The application didn’t work completely, but it did a lot more than I expected. (It was unable to process the resource records in the DNS packet, which is the most complex part of the application. I didn’t take the time to figure out why.)

In addition to being able to upgrade an entire VB6 project to VB.NET, you can now also upgrade just a small piece of code using the Code Snippet Upgrade Wizard pictured below.

This is very useful for when you have a small chunk of code in a larger project that you need to convert for use in a new VB.NET project.

There is finally a folder browser WinForms control that you can use in an application where the user needs to select a directory. This was a big oversight in Visual Studio .NET 2002, and I’m very happy to see it in Visual Studio .NET 2003. Below is an image showing the new control in action.

Lastly, there have been some pretty major improvements to VC++.NET. Among them is the ability to design WinForms like in VB.NET and C#. Alas, I forgot to install VC++.NET, and so I have no screen shots to show all you VC++.NET developers out there. All 6 of you. J

Now that we’ve gone through all the improvements I could find in Visual Studio .NET 2003, let’s go over some of the major new features and tools included in Visual Studio .NET 2003.

Code Obfuscation via Dotfuscator

One major complaint often voiced about .NET is how easy it is to translate the MSIL that lives in your EXEs and DLLs into the original source, or even source in a different language than the original. Many often respond to this by saying that any language can be decompiled, so .NET is no different. This is obviously a copout, as anybody can see that it is far more difficult to understand decompiled C++ than it is to understand decompiled MSIL.

To help protect intellectual property, Microsoft decided to include a version of DotFuscator by Preemptive Solutions, an MSIL obfuscator that makes it more difficult to decompile MSIL, and more difficult to read the resulting C# or VB.NET when it is decompiled. The “Community Edition” included with Visual Studio .NET 2003 is somewhat crippled when compared to the full “Pro” version, but it does a decent job of obfuscating code. Below is an image of the nag-dialog that pops up until you register DotFuscator. I included the image because it lists the benefits of upgrading to the “Pro” version.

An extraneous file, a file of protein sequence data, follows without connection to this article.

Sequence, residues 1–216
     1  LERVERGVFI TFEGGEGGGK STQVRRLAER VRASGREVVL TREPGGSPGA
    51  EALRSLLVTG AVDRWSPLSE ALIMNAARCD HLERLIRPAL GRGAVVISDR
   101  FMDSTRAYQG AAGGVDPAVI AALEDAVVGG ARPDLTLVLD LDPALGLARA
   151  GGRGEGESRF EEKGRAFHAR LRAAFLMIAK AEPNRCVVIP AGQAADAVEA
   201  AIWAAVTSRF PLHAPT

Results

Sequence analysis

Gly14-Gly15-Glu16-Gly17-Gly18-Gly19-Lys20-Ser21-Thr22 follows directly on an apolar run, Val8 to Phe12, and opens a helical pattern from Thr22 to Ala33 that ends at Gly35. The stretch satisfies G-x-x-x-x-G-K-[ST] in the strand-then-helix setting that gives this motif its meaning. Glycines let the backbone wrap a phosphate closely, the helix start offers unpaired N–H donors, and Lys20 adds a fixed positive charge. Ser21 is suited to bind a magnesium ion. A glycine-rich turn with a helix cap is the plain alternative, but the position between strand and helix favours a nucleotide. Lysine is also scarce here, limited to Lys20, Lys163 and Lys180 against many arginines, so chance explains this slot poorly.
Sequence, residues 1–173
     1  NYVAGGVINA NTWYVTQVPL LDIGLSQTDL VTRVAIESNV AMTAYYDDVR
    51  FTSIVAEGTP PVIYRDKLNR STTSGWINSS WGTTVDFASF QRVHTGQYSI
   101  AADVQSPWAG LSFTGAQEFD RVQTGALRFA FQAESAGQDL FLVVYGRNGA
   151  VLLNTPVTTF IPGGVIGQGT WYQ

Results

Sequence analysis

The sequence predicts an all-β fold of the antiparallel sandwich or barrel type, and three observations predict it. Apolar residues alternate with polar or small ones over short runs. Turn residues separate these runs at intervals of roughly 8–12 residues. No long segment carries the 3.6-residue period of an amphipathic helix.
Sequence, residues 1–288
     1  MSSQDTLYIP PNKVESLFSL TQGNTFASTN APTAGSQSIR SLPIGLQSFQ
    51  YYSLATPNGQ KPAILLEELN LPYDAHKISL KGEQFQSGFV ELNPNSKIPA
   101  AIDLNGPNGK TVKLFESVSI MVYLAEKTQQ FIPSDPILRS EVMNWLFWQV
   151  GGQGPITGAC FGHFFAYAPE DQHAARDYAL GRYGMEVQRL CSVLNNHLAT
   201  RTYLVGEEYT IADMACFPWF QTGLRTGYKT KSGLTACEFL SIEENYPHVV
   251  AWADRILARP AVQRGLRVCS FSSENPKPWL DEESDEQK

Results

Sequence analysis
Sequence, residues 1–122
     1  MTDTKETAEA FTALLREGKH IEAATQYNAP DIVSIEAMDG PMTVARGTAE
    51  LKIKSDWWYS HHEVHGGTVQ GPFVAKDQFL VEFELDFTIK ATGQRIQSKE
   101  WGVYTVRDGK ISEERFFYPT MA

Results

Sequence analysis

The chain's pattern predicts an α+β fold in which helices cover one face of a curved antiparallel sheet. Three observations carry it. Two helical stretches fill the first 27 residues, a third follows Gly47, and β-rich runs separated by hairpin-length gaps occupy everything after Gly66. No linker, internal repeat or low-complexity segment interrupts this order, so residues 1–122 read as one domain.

DotFuscator works by taking an EXE or DLL, extracting the MSIL, doing various things to the MSIL like removing unnecessary metadata, changing variable names to unreadable things like “aaa0022010”, and anything else that makes it more difficult for people to steal your code. To use the application, you simply start it up, select the EXE or DLL, and pick an output directory. DotFuscator then does its magic, and churns out a new EXE or DLL that’s been obfuscated. Below is an image of the application after I’ve selected my “HelloWorld.exe” application to obfuscate.

As you can see, the program itself isn’t exactly a gem of user interface design. It’s fairly unattractive to look at, and not particular intuitive to use. It does offer some nifty features, however, including an “Output” view that shows in a graphical way what has been changed during the obfuscation process. An image of this view is shown below.

Overall, I would say this tool is just average. There are certainly better tools than DotFuscator available, although none of them are free. I was kind of hoping that Microsoft was developing an obfuscator in-house that would be completely integrated into Visual Studio .NET, but their inclusion of DotFuscator seems to make that possibility very unlikely anytime soon. For more detailed information about DotFuscator and what it can do, check out preemptive solution’s website.